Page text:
Andy
Feb 26, 2020 rated it really liked it  ·  review of another edition
This book is doing vital, vanguard work!
Two things I wanted more or differently from it though:
1. The Intro and in some chapters could unpack some of the critical theory developments in more detail for people not already fully in them. For example, the analogy of Crip Theory to Queer Theory intrigues me, but I want the book to walk me through some of the strategies and stakes of Crip Theory.
2. I was looking for a deeper engagement with SF Studies given the primary texts at the core of this book.
...more
Jonathan Soren
This book was so unbelievably nourishing! It felt like finding community after believing for years that you were alone. Would especially recommend the second chapter, "Who's Reality Is It Anyway? Deconstructing Able-Mindedness," and "The Future of Bodyminds, Bodyminds of the Future." Can't wait to read the works discussed here, particularly Phyllis Alesia Perry's Stigmata and Nalo Hopkinson's Sister Mine. ...more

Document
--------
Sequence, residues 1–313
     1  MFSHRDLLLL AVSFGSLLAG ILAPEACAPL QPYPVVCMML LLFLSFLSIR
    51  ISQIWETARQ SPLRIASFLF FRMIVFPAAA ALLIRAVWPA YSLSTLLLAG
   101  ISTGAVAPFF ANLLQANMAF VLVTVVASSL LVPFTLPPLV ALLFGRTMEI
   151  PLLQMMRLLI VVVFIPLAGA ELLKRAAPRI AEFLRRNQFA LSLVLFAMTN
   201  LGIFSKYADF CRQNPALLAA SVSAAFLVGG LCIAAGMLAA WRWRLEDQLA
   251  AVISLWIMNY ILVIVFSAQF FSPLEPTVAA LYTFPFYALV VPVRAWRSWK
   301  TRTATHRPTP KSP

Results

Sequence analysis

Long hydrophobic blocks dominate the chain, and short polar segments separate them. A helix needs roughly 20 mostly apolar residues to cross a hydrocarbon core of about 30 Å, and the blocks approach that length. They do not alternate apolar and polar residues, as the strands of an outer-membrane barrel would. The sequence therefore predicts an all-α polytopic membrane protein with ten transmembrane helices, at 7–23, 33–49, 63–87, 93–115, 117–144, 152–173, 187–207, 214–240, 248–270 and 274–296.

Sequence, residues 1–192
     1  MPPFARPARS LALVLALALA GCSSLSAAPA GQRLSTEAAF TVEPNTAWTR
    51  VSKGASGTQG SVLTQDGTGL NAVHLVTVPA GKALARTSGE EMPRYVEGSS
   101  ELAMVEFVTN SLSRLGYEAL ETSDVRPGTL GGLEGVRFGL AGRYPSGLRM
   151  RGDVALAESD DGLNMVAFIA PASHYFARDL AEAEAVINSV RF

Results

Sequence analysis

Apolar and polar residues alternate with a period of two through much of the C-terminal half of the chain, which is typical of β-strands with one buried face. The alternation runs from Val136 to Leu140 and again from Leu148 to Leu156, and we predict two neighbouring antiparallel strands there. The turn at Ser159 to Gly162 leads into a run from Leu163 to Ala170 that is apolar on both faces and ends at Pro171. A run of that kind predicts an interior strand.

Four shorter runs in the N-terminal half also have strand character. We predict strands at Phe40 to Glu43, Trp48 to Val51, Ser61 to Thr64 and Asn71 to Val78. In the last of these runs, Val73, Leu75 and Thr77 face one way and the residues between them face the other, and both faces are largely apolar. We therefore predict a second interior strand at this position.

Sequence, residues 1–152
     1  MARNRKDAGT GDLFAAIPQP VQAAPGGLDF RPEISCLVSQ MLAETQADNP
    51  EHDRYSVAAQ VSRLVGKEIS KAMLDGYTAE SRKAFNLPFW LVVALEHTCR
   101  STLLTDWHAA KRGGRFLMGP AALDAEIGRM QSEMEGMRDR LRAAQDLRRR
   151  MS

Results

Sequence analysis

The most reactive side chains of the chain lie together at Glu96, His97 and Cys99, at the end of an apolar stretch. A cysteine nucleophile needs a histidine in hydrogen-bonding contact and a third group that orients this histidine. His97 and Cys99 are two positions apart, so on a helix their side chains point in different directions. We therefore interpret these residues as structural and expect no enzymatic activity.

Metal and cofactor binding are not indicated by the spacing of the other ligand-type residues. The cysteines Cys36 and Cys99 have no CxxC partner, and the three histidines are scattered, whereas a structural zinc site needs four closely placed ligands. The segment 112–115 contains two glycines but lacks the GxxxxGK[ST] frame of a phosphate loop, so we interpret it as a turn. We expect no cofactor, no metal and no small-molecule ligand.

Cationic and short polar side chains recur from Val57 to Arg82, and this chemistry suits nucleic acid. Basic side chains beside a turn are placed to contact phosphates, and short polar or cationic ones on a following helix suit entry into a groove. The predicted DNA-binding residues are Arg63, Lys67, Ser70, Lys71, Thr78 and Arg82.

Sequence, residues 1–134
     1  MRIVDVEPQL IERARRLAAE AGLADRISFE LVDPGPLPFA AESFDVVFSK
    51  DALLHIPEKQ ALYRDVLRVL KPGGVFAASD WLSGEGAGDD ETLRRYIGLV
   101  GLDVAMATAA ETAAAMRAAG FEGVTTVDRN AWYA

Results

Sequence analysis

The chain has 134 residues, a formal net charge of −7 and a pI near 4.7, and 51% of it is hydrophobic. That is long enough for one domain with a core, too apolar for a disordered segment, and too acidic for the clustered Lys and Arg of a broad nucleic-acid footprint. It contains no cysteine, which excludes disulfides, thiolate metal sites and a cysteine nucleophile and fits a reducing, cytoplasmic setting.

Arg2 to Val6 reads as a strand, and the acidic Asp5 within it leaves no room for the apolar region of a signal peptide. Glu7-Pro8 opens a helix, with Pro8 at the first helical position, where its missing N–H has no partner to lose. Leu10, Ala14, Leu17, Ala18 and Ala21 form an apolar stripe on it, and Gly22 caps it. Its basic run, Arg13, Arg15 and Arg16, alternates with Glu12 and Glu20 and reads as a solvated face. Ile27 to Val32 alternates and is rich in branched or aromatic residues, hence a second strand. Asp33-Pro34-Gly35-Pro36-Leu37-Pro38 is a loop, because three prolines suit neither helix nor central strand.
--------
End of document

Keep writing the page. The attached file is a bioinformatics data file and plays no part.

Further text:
Anthony Boynton
Jan 31, 2020 rated it it was amazing  ·  review of another edition
Outstanding!!
Ngozi Alston
Sep 11, 2019 rated it it was amazing  ·  review of another edition
Amazing book that thoroughly interrogates how we think about intersectionality with (dis)abilities that are apparent or not, and how they are perceived with other marginalized identities.
Shona
Jun 13, 2021 rated it really liked it  ·  review of another edition
Out of my depth, but learnt a lot! Gave me a framework for thinking about what I'm reading. Great bibliography too. ...more
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Sami Schalk is an Assistant Professor of Gender & Women's Studies at University of Wisconsin- Madison. Her research focuses on disability, race, and gender in contemporary American literature and culture, especially African American literature, speculative fiction, and women writers. She identifies as a black queer cis woman. ...more